TNB: Crossfit Misfit
My coworker Andrew has a little joke. “How do you know someone does CrossFit?"
My coworker Andrew has a little joke. “How do you know someone does CrossFit?”
“Because they tell you.”
It reminded me of a saying from when people used to do “est” seminars, and noisily proselytize about them.
“What’s the different between an asshole and an esthole?
“Asshole’s still got his 400 dollars.”
My spouse, sons and coworkers have drunk the CrossFit KoolAid. CrossFit, if you don’t know, is a high-intensity conditioning program of gymnastics, sprinting,
rowing and much else, such as carrying around strange objects. Also, of devotion.
The first time my older son, Teddy, went, he threw up, audibly gagging in the bathroom. The staff gave him some Coke to sip, sitting quietly on a bench.
Upon returning home, he, who plays high-school football and runs track, whispered, still gray-faced, “I thought I’d be in better shape for it.”
I pick up my younger son, Roy, after a session at the CrossFit center, and he says, “Mom, you should do it. They love old athletes. I mean, people who
… like… used to be pros.”
I step inside and the smiling instructors’ eyes light up, “You should do it,” says nice, ripped John.
“Why would I want to throw up?“
“Oh,” he says, waving dismissively, “that was just Teddy. He pushes it.”
At work, Ashley and Shannon talk near daily about their workouts, WODs and other critical components.
When burly Ashley told me how sore she was from the previous day’s session, she said, “I know you’re sick of CrossFit,” but then went right ahead in describing
the previous day’s workout: “We did 15 pull-ups, 15 box jumps, 15 burpees, 15 sit-ups, 14 pull ups, 14 box jumps, 14 burpees, 14 sit-ups, 13 pull ups,
13 burpees, 13 box jumps, 13 sit-ups. …And so on, all the way to one of each. Total, that’s 120 pull-ups, box jumps, burpees and sit-ups!”
Her partner, Jeremy, tells me softly, “I hate CrossFit.”
I fetch Roy again, and he says, emerging, “Mom, all those people in there are one-upping you.”
Another day, he tries this tactic: “You couldn’t do it,” he says, shaking his head regretfully. “You’re strong, but…”
Through CrossFit, my kids know Mike, a young guy who works at the local grocery store. One day as I use my City Market card, he says, “You saved $30,”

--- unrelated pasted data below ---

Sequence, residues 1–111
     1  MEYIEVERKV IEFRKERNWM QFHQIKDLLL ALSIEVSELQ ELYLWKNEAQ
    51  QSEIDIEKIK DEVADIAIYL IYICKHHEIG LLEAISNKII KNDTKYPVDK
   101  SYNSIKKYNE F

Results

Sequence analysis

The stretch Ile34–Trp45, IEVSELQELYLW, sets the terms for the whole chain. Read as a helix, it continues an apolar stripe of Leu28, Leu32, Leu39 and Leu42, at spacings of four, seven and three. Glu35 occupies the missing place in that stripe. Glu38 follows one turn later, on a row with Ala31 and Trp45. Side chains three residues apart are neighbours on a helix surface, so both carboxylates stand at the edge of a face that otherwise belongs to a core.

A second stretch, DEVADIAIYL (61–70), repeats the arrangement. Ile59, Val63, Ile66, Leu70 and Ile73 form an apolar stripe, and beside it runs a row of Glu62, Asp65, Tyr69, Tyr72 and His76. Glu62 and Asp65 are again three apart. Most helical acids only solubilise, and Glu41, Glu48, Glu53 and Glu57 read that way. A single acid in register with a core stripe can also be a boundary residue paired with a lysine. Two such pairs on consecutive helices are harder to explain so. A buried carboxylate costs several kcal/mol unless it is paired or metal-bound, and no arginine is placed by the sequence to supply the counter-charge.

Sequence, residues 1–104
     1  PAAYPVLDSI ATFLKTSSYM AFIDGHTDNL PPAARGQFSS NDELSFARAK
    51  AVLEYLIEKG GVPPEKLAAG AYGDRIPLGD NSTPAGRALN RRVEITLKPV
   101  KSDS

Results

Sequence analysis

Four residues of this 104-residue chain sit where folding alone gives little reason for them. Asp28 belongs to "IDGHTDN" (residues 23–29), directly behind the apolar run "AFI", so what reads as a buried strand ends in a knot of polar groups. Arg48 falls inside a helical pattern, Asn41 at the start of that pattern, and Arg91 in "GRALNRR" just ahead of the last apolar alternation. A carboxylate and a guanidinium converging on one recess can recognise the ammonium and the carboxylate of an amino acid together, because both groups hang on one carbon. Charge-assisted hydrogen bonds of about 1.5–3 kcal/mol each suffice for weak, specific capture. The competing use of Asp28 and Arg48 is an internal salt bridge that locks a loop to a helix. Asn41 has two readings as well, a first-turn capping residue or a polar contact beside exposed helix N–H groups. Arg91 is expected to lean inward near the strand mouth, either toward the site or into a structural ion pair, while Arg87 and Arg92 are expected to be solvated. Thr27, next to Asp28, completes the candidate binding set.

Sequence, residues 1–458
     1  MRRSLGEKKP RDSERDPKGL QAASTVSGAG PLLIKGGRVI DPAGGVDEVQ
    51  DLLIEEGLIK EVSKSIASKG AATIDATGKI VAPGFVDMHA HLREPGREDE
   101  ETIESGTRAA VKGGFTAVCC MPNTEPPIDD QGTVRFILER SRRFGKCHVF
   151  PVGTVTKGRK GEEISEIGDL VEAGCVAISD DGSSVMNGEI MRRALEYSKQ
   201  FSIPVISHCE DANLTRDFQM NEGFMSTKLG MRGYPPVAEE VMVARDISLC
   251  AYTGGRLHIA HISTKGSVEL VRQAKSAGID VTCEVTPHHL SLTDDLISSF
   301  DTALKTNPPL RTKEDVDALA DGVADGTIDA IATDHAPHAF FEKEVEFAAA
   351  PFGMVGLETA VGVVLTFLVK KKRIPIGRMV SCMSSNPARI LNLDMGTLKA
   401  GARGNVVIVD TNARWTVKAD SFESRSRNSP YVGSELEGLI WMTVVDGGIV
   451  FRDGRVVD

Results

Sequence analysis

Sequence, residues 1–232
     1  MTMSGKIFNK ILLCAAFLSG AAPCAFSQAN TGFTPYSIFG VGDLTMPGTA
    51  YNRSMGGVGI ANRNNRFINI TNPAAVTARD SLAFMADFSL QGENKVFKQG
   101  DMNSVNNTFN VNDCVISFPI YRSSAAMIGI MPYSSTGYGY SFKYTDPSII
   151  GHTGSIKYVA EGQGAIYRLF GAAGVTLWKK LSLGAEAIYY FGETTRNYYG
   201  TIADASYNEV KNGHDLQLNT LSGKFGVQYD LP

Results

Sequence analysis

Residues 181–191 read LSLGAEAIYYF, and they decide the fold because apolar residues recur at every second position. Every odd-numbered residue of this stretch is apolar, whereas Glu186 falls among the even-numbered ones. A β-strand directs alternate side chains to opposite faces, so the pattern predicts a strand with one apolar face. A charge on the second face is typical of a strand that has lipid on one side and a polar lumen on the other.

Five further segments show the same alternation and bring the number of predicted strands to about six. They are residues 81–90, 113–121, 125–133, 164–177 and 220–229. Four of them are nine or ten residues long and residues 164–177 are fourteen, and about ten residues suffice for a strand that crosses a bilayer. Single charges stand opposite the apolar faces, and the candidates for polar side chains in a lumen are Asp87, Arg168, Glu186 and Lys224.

adding with glowing eyes, “That’s another week of Cross Fit!”
I used to love Will Gadd. Many years ago he was my teenage intern, sleeping uncomplainingly in his pickup truck in the dead of an Aspen winter. (I convinced
him to stay in an old paint closet at my house for a night or two during that year’s Arctic Express.) Two years ago, all grown up and a conquering
hero, he came to the Redstone Winterfest, stayed at my house, stood in the kitchen one night and told my rapt spouse and sons (while I gazed about,
daydreaming) about CrossFit.
Now they have talked their friends into going. Teddy wants to do a CrossFit team comp. I will say this, my spouse – another Mike, whom we’ll call Mike
B – being a jack-of-all-mountain trades, climbed little this past year, but when he did, he climbed pretty well, and attributes it to … you
I find him and Roy at night looking at CrossFit videos. They show me pictures on the local CrossFit website of my friend Tyler lying in a pool of his own
sweat, looking up dazedly. “Yeah, Tyler was hurtin’,” they say with strange conviviality.
Then, as if I didn’t already spend a fortune at the grocery store, the boys came from CrossFit declaring they want to eat the Paleo diet. Meaning, in general
terms, fresh fruits and vegetables, which is great, and meats, which is OK – but essentially not pasta, breads or even potatoes. What parent doesn’t
know that potatoes are how you can afford to fill up the starving teenage boys who greet you daily with, “What’s for dinner?”
The low point was when I served up burritos, a quick and healthy family staple, and Roy said, recoiling, “I don’t want to eat legumes!”
Teddy threw up again the other night at CrossFit, came home laughing about it.
Last night they all talked again at the table about CrossFit, Mike concluding with a serious expression, “I really need to work on my overhead squats.”
At one point I was almost tempted to try it, thinking the pullups and other exercises might be good for, and natural to, a climber. But then I went hiking
up the local Red Hill with a friend and her friend, who steamed ahead set-faced. While I could keep up, barely, I could also barely speak a word. And
I realized that what I like is combining exercise with seeing friends, and hiking at a “talking pace.”
One of the things I love in climbing, and one of the reasons it is a great sport to write about, is that you and your partner communicate. I couldn’t talk
to my friends half as well if I was throwing up.